The Real Picture of Elder Poverty-Painted by the Numbers

By Koenig, Gary | Aging Today, May/June 2012 | Go to article overview

The Real Picture of Elder Poverty-Painted by the Numbers


Koenig, Gary, Aging Today


About 3.5 million Americans ages 65 and older lived in poverty in 2010. An additional 2.3 million older Americans were "near poor," with incomes below 125 percent of the poverty line. For these poor and near-poor older adults, life is often a constant struggle to meet basic needs.

Today's poverty measures give policymakers and the public a sense of the large and-in today's economy-growing number of poor elders. But there is widespread agreement that we need a new way to measure poverty, to understand who is poor and how well anti-poverty programs are working. Developed in the mid-1960s, the current official poverty measure relies on a woefully outdated approach to draw a poverty line below which a family's income is considered inadequate to meet basic needs. As a result, the official poverty rate provides an incomplete picture of the well-being of Americans.

Who Is Poor in America?

The official poverty thresholds vary by family size, number of children and whether or not the head of household is 65 or older; but they are the same for families who live in a high-cost area, like New York City, or a relatively low-cost area like Fort Smith, Ark. In 2010, the poverty threshold for a single elderly person was $10,458, and for an older married couple it was $13,194. For younger people, the poverty thresholds are slightly higher ($11,344 for a single person and $14,676 for a couple).

By the official measure, older Americans are less likely to be poor. In 2010, 9 percent of elders were in poverty compared to 22 percent of children under age 18 and about 14 percent of non-elderly adults. This wasn't always the case. In 1959, more than one in three older Americans lived in poverty-higher than the percentage of children (27 percent) or non-elderly adults (17 percent).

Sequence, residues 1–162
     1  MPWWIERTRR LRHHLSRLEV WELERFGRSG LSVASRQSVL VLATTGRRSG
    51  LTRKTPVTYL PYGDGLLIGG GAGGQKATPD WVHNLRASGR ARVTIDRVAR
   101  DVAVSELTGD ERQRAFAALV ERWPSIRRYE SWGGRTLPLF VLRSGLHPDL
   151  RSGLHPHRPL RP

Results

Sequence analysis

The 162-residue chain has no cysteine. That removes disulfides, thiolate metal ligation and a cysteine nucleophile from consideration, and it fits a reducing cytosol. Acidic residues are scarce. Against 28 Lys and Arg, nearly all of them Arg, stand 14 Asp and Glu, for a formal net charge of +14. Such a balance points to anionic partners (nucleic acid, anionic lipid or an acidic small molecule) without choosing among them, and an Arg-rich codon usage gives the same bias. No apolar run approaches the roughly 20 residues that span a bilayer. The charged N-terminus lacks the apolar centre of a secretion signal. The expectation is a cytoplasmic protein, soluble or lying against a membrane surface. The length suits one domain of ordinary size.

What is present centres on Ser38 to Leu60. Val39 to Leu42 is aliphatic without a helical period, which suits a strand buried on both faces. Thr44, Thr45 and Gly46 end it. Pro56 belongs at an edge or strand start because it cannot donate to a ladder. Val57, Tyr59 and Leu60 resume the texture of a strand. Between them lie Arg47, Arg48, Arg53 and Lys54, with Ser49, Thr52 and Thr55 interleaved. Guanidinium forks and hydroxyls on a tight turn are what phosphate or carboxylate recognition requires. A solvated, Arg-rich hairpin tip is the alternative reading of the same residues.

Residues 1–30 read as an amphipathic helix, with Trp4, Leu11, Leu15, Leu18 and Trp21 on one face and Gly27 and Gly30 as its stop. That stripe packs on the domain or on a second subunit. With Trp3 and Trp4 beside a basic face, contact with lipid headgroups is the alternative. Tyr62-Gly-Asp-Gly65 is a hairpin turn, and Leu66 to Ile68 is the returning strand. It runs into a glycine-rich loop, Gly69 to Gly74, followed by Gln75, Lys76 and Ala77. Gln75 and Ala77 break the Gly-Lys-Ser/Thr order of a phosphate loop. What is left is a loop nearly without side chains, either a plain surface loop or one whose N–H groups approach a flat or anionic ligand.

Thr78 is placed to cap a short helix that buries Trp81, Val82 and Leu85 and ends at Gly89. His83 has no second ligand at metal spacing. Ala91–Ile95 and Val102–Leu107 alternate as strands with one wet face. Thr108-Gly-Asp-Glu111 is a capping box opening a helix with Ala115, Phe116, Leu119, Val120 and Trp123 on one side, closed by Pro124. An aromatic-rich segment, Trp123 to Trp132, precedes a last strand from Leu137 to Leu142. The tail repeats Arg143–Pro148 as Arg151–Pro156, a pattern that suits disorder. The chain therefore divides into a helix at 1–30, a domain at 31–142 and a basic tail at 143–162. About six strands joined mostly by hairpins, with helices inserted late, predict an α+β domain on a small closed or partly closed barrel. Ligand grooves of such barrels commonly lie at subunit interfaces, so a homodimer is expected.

The drop in elderly poverty rates over the past 50 years is a testament to the success of the Social Security program. Social Security provides most retirees a guaranteed income that reflects today's living standards and lasts throughout retirement. Today, income from Social Security lifts about 14 million older Americans out of poverty.

The Elderly Poor

Breaking down the official poverty rate by race, ethnicity, gender and age reveals a more nuanced picture, as revealed by the following 2010 statistics:

* African Americans and Hispanics (about 18 percent) were more than twice as likely as Caucasians (6.8 percent) to be poor;

* women (11 percent) were more likely to be poor than men (7 percent), and the percent of women in poverty jumps significantly for African Americans (20.6 percent) and Hispanics (20.9 percent);

* marital status was an important determinant of poverty for older women and men. Never-married women and men had the highest poverty rate (20.3 and 18.9 percent), followed by divorced (18.9 and 12.9 percent) and widowed (14.1 and 10.6 percent) women and men. The poverty rate for married women and men was 4.6 and 4.4 percent; and * the percent of older Americans in poverty increases with age, with the oldest old most likely to be poor (10.7 percent for persons ages 80 and older compared to 7.7 percent for persons ages 65 to 69).

A Modern Measure of Poverty

When the official poverty measure was first developed, the thresholds were set at three times the cost of a "minimum food plan," because food expenditures represented about one-third of family expenditures (according to a 1955 Department of Agriculture survey). …

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